Frozen udon is the best: it’s practically instant and takes on all the flavors of what you’re cooking it with. We always have a pack (or five) of frozen udon bricks in the freezer. Sure, you could use those instant udon packets, which come wrapped in shrink wrap, but if you want udon on another level, go to your local Asian grocery store, check out the freezer and do yourself a favor and buy the udon. frozen .
Frozen udon is sold in bricks, usually with 5 bricks in a package. They are very simple to prepare: just defrost them and go. Best of all, most of the frozen udon sold in North America is actually imported from Japan. We often see brands sold here that are the same ones we buy at the supermarket in Tokyo. They taste infinitely better than shelf-stable cryovac udon. Basically, look for the words Sanuki Udon somewhere on the packaging.
Dashi powder is the quickest way to add dashi flavor to any dish. Essentially, it is a flavor enhancer. You can buy dashi powder at the Asian grocery store or on line. Adds a lot of flavor and umami. If you don’t have any on hand, you can substitute chicken broth powder, but if you do, your udon may taste more salty than if you use dashi.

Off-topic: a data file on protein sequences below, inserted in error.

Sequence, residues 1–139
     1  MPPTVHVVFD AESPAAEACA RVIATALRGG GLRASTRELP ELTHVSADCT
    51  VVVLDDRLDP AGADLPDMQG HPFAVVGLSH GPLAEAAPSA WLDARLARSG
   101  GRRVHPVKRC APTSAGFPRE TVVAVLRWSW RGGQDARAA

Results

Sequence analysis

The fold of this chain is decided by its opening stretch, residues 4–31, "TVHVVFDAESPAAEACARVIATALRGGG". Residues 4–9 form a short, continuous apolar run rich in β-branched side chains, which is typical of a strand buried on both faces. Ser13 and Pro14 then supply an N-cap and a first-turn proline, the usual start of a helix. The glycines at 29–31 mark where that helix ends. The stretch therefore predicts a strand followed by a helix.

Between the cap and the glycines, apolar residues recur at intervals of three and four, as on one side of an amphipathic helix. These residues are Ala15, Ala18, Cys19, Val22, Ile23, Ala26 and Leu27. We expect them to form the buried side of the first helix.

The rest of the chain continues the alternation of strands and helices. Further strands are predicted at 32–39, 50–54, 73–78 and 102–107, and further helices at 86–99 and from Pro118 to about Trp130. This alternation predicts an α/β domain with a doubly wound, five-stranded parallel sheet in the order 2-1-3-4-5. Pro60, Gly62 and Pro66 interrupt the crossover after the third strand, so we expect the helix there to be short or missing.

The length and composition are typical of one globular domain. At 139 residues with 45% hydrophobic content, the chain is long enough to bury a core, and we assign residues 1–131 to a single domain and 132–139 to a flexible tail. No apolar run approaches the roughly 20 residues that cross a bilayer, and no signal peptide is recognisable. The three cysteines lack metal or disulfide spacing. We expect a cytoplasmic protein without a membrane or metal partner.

How to customize yaki udon
Yaki udon is a super customizable noodle dish. Make it yours!
- Beef udon yaki: under 1/2 pound thinly sliced beef
- Chicken udon yaki: Sliced chicken less than 1/2 lb
- Shrimp udon yaki: shelled, peeled shrimp under 1/2 lb
- Vegetable yaki udon: Leave the pork out and add 1 cup more vegetables, such as: mushrooms, peppers, broccoli
- Simple yaki udon: leave out the pork and vegetables
More udon recipes
If you’re looking for more udon inspiration, try these recipes: